Employment (hiring) of staff and faculty is contingent on the successful completion of a drug screening test.
We will impose disciplinary sanctions on students, faculty, and staff who violate the above standards of conduct.
Among the disciplinary sanctions that may be imposed on students are the following: reprimand, probation, restriction, suspension, expulsion, and referral for prosecution. We may require evaluation, counseling, and successful completion of an appropriate rehabilitation program, if indicated.
Among the disciplinary sanctions that may be imposed on faculty and staff are oral warning, written reprimand, disciplinary suspension, termination, and referral for prosecution. We may require evaluation, counseling, and successful completion of an appropriate rehabilitation program, if indicated.
Identification and Rehabilitation
Early recognition of substance abuse is important for successful rehabilitation. We encourage individuals with a chemical dependency to voluntarily seek assistance through the Medical Center’s Employee Assistance Program (EAP). An individual’s job will not be jeopardized solely because the individual voluntarily seeks assistance in the treatment of and recovery from chemical dependency if the individual seeks treatment prior to any violation or disciplinary action. Any such requests and/or actions are strictly confidential. Eligibility to participate in any subsequent rehabilitation programs will be at our discretion.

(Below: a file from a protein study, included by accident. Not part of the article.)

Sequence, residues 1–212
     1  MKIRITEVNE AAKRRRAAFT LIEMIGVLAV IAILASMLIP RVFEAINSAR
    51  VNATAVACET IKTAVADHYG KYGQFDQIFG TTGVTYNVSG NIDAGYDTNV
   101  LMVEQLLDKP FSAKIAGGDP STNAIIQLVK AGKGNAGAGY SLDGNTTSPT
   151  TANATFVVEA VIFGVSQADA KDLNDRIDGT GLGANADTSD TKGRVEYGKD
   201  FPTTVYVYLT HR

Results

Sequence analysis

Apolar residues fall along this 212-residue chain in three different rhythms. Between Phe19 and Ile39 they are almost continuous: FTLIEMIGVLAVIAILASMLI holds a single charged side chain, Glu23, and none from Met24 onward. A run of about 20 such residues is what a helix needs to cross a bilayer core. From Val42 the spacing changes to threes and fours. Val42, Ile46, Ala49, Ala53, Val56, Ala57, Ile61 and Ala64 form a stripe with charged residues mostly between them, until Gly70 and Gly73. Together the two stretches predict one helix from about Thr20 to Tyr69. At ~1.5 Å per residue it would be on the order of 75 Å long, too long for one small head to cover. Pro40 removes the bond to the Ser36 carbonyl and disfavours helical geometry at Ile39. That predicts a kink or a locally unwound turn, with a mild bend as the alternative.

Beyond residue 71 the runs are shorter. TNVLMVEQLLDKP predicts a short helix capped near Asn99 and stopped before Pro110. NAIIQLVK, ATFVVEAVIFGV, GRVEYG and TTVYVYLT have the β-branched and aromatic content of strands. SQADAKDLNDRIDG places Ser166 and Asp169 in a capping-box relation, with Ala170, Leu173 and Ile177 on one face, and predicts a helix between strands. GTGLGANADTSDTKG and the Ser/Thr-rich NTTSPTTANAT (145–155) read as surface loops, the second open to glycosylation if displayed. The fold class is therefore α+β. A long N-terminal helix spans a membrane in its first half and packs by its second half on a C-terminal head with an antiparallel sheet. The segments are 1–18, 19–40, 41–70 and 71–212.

Any faculty member, student, or staff, if given the option to participate in a rehabilitation program, will comply with the treatment and rehabilitation requirements set forth below or resign from employment or withdraw from the medical school. Any such individual electing treatment and rehabilitation will:
- Satisfactorily participate in a substance abuse assistance or rehabilitation program approved for such purpose by a federal, state, or local health, law enforcement, or other appropriate agency at the individual’s expense. Wake Forest University Health Sciences’ Medical Plan may provide coverage for certain counseling or rehabilitation services.
- Provide evidence satisfactory to us of continued outpatient therapy in an approved program appropriate to the treatment recommendation.
- Remain substance free after completing a rehabilitation program for chemical dependency, and participate in random drug testing during rehabilitation and for up to two years following completion of the rehabilitation program.
Failure to comply with these requirements may result in termination or expulsion.
Counseling, Rehabilitation, and Treatment Resources
Wake Forest University Health Sciences provides a comprehensive Employee Assistance Program (EAP) for faculty and staff. The School of Medicine endorses and encourages the activities of the Health & Effectiveness Council in early identification, treatment, and rehabilitation of students with a substance abuse problem.
Those who do not wish to take advantage of the resources we offer may wish to seek referrals to rehabilitation and treatment programs from their own physician, First Line Community Resources, or the resources listed in the yellow pages of the phone book.
Updated May 2011